Blocking the Strait of Hormuz

At least 20% of the world’s oil supply transits through the Strait of Hormuz which is, on average, around 30 miles wide.

Strait of Hormuz
Strait of Hormuz Shipping Lanes


The Wall Street Journal recently had an analysis of the military challenges in what would be an asymmetrical war, with big ships challenged by swarms of speedboats carrying anti-ship cruise missiles. This is similar to China’s current strategy for access denial in the South China Sea.

The WSJ article mentioned that Iran had over 5,000 mines, but the number is of only secondary importance.

Iran’s ability to lay a few hundred bottom mines in the Strait is crucial to any analysis, and this wasn’t discussed in any detail in the WSJ article.

A cursory look at the map shows that Qeshm, an island about two-thirds the length of Long island in New York, and larak island, are bordering the entire northern flank of the strait, while the eastern flank is bordered by Iran proper.

Not shown on this map, but a serious consideration, is that mountains 10,000 feet high rise abruptly from the Iranian shoreline. Qeshm Island is relatively flat, with cliffs and heights at the western end.

Iran’s strategic position is important since clearing bottom mines is a lengthy process involving surface ships and helicopters that will be exposed to fire from Qeshm and Larak islands and the eastern Iranian shore.

Mine warfare detachments, helicopters and ships are stationed in Bahrain, with Oman also being a probable base of operations. Most mines will be between 150 and 300 feet under water, with mud and other objects making it difficult to locate their exact positions.

The mine clearing operation consists of discovering where the mines are located using scanning arrays towed by helicopters or ships, and then using unmanned underwater vessels (UUVs) to attach explosives to the mines to destroy them.

The UUVs are controlled from the surface, either with helicopters or ships.

It will be necessary to completely neutralize Qeshm and Larak islands and the eastern shore of Iran in order to protect the mine clearing helicopters and ships. Most likely, Qeshm and Larak will need to be occupied.

Under the best of conditions, it will require months, not days, to clear a few hundred bottom mines from the strait. No official estimates have been made public, but it could easily require four to six months to clear the bottom mines from the strait.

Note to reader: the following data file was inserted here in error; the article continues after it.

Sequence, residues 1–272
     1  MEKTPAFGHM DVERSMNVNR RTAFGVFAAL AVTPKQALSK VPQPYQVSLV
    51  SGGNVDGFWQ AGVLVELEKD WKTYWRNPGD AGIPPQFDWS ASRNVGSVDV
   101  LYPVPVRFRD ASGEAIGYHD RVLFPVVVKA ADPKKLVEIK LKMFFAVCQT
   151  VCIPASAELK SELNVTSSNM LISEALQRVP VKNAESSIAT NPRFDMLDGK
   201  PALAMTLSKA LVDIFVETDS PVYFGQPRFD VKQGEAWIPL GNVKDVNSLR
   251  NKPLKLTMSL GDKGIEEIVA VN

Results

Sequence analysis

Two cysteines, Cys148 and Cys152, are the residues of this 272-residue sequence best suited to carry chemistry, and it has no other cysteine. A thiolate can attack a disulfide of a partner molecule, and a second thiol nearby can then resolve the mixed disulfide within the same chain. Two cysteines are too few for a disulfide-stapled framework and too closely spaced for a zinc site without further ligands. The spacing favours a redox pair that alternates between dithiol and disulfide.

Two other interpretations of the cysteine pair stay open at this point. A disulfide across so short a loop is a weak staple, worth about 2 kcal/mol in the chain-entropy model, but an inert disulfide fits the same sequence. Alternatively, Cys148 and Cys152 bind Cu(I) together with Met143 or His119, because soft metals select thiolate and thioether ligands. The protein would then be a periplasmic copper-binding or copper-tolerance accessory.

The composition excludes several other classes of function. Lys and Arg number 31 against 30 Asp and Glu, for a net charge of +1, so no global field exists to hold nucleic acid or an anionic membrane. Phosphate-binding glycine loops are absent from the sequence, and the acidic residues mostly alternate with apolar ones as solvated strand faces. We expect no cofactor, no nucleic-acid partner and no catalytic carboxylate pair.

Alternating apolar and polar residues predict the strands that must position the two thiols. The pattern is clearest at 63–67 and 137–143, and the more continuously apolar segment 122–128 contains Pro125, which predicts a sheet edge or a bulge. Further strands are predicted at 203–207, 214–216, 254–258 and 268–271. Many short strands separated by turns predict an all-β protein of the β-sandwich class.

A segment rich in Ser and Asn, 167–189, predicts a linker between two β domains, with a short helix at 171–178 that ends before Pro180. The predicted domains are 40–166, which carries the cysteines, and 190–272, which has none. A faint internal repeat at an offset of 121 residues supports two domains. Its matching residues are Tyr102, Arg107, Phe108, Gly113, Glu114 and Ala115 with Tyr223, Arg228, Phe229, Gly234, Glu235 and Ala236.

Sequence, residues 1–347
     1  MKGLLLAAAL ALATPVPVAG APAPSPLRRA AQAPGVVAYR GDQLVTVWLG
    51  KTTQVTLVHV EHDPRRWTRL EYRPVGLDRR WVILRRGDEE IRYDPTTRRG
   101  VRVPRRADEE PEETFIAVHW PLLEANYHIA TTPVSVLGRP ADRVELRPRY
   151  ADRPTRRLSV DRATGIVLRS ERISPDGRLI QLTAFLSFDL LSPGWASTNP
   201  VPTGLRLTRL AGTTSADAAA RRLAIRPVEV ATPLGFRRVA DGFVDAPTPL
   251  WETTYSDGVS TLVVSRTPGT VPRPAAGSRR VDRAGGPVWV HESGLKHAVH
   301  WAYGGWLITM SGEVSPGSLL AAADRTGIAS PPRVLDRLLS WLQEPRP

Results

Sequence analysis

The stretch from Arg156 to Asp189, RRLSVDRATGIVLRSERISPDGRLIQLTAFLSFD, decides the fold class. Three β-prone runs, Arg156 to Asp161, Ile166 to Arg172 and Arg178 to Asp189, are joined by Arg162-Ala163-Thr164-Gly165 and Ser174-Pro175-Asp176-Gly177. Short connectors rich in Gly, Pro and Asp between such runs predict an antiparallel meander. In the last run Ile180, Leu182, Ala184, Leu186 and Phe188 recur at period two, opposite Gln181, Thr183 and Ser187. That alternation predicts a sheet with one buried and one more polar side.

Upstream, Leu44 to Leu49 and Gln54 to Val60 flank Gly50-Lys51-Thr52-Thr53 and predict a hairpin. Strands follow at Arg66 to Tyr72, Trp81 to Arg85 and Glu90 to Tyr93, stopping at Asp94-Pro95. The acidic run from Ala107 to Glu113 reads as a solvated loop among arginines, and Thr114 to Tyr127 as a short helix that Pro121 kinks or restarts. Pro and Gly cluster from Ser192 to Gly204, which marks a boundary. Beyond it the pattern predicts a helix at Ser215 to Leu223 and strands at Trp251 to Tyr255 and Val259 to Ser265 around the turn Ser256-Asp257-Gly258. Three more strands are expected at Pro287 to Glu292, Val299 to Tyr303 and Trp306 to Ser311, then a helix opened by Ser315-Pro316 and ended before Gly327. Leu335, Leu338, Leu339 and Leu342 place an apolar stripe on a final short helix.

Our strategic petroleum reserve (SPR) has been established to provide oil in the event the Strait is closed.  The SPR is designed to help offset a loss of our normal imports, but due to physical limitations, only about 5 mbd can be pumped from the SPR. This, coupled with domestic production and reduced imports, can supply our needs at high cost for about four months, but then there would be shortages.

It’s highly likely that price controls and/or gasoline rationing will be instituted when world oil prices head toward $200 per barrel or the SPR is emptied.

Obviously, the more oil we can produce in North America, the less need there will be for rationing or price controls.

Exactly how oil prices and supplies will react is conjecture, but worth taking into consideration.

It is a simple matter for Iran to lay a few hundred bottom mines across the Strait of Hormuz.

Here is one such fictional scenario occurring before hostilities actually begin.

In eight minutes, heading north from Bandar Abbas, the planes had passed over Qeshm Island and were over the Strait.

They flew side by side with three miles separating each plane. In this formation they cut a swath 20 miles wide as they headed for the shipping lanes.

Each C-130 was equipped with rails on each side of the plane’s cargo floor leading to the rear ramp and door. Mines were placed vertically on dollies that rolled along the rails with 10 mines on each side of the plane. When the rear door was opened, the mines could be rolled out the C-130. As the mines were released from the plane, a cord attached to the plane would pull out the arming plug so the mines were armed as they left the plane.

Each bottom mine weighed 2,000 pounds, and the load of 20 mines were well within the carrying capacity of each C-130 aircraft.

The crews of these planes practiced for the past three months over the interior of Iran. Using dummy mines, they had flown about one hundred feet over the ground and had become proficient at releasing the mines at one- to two-minute intervals. Flying at slightly over 100 knots, they would lay a mine every two to three miles.

Now they headed over the Strait of Hormuz to perform the mission for which they had trained.

When the lead, left most plane in the formation was five miles from the shore of Qeshm, they started to lay their mines. As each mine fell from a plane, a small drogue chute opened to help slow the mine so as to minimize any damage that might occur as the mine entered the water.

In 35 minutes, all 200 mines were laid in the Strait of Hormuz and shipping was completely blocked.

A swarm of small boats could also lay bottom mines that sit on the ocean floor waiting for a ship to pass overhead.

Blocking the Strait of Hormuz by Iran would be an act of desperation and national suicide, but whether Iran’s government is rational, in the Western sense, is a question mark.

While Iran would ultimately fail, it will take more time than many contemplate to open the Strait to shipping – and it only makes sense for us to expand our oil production to minimize the effect of any such disruption in oil supplies.

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